The 29th of March has been and gone and the United Kingdom is still in the European Union.
The debate surrounding the next course of action is as vociferous as ever. One of the arguments - a second referendum - has been gaining more and more traction. It is said that by going back to the public, parliament can fully enact the will of the people by checking whether the deal Theresa May has negotiated is acceptable or even whether people still want to leave the EU at all.
This is one of the many options thrown around in Westminster and in the media, however, a second referendum is not the way to fix this mess.
Enacting this idea would be catastrophic primarily because we have had a referendum and we must respect the result. The phrase 'largest democratic exercise in UK history' has been trotted out numerous times since the result was announced in July 2016. However tedious it is to have it repeated every time the result is questioned, it is accurate.
The result was to leave the EU. The margins were narrow, the terms were ambiguous, but the result was to leave. We must respect the result of a democratic exercise or risk betraying the very democratic foundations upon which our great country is built and betraying the principles that our politicians are all too keen to claim they hold dear.
Similarly, a second referendum would set an incredibly dangerous precedent in our nation's political system. The losing side should always be allowed to criticise, voice their opinions and hold their opponents to account. That is the very essence of our parliamentary opposition. However, we cannot set a precedent of attempting to nullify and overrule a democratic political result because we do not like the decision.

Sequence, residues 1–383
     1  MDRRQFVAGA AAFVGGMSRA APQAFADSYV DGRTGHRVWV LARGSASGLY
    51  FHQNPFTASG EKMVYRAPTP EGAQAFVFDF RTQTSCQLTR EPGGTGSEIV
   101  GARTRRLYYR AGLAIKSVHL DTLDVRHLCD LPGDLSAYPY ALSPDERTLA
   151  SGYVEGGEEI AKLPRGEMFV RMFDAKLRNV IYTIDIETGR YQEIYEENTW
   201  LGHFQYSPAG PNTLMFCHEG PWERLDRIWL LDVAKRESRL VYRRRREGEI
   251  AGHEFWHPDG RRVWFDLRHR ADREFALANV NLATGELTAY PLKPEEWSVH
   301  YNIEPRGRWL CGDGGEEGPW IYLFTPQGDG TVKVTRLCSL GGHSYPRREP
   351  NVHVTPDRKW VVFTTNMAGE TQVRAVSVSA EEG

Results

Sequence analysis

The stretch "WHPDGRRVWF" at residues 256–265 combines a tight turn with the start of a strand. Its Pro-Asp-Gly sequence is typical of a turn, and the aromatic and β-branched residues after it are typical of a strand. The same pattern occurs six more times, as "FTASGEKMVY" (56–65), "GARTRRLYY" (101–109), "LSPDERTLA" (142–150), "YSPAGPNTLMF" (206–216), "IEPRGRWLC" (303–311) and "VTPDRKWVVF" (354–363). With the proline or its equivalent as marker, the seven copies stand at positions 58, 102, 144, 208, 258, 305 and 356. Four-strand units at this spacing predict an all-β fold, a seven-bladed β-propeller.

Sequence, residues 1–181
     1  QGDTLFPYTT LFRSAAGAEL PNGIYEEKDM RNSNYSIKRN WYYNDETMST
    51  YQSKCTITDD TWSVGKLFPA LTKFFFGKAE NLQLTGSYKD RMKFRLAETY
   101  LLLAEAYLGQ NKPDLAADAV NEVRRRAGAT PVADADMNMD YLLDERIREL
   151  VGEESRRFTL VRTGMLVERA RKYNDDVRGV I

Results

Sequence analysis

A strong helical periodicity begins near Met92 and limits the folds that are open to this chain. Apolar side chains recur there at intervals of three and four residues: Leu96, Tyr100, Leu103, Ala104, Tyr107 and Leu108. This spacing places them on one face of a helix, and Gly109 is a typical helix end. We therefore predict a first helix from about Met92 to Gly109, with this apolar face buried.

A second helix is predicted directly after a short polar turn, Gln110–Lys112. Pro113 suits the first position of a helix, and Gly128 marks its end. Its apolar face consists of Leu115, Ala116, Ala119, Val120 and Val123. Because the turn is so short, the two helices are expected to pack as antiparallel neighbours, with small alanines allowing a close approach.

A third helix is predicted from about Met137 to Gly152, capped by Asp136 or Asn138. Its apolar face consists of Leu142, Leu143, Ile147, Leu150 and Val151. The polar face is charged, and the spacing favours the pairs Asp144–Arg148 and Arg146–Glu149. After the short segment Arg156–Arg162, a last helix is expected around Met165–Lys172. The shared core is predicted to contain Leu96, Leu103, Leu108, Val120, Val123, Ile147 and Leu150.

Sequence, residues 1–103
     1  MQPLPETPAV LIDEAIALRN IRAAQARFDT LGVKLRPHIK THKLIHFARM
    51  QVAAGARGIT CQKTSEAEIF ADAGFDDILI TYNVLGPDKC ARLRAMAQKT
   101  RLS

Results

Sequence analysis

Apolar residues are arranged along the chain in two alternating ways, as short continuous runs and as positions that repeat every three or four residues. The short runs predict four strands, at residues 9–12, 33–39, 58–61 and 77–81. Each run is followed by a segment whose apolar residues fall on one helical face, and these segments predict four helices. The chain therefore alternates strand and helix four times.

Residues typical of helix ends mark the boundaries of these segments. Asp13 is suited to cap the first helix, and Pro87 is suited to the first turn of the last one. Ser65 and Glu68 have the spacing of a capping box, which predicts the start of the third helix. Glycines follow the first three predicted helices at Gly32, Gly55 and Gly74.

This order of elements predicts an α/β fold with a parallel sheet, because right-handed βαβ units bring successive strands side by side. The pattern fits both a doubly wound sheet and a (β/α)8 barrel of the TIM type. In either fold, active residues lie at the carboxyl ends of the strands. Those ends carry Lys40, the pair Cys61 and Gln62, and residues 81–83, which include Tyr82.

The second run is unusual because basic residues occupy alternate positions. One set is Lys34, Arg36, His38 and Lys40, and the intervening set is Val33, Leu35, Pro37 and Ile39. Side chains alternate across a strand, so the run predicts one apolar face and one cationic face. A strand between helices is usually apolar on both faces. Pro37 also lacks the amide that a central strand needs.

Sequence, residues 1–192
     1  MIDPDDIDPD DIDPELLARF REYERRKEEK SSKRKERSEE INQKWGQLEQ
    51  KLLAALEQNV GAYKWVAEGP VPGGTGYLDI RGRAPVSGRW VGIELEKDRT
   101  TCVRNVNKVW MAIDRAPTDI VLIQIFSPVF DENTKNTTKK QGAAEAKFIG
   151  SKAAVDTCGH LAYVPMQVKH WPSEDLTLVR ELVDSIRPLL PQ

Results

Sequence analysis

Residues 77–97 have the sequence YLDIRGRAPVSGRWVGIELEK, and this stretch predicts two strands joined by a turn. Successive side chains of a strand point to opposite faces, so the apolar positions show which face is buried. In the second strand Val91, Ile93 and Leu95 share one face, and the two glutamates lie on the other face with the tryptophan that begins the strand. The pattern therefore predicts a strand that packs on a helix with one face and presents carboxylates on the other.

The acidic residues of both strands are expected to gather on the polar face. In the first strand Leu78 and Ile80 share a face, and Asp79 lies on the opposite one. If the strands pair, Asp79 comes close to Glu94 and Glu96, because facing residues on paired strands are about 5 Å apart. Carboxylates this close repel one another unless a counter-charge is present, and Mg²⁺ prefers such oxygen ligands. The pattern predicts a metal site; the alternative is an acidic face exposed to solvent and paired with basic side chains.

One of the many disadvantages to this happening would be the increased political divisiveness of the endeavour. The UK has not experienced this level of political animosity and division in decades and not only perpetuating these divisions but adding to them through another referendum could cause irrevocable damage to our political system and society.
In addition, it remains unclear what options the public would be given in such a referendum. Would it be another simple in/out option? Surely not. Once more and more options are added it becomes far less likely any preference or winner will become clear, thus plunging us into further division. The last thing the UK needs at this point is more ineffective legislating and more policy lacking coherent direction.
The possibility of a second referendum, therefore, would be a complete waste of time and tax-payers money. There is no law mandating a second referendum and there have been no campaigns run that promise a second referendum, making claims for it legislatively baseless.
Overall, calls for a second referendum are the dying attempts to overturn a democratic decision. I sympathise with the desire to pursue a course of action for the country that one perceives as being in the national interest. However, a second referendum is not the way to go about it.
The damage caused by a second referendum, the money and time wasted and the lack of a democratic or legal basis for it relegates the idea to a hopeful impossibility.
Author: Nathan Irwin
Nathan is a Politics and International Relations student at the University of Durham.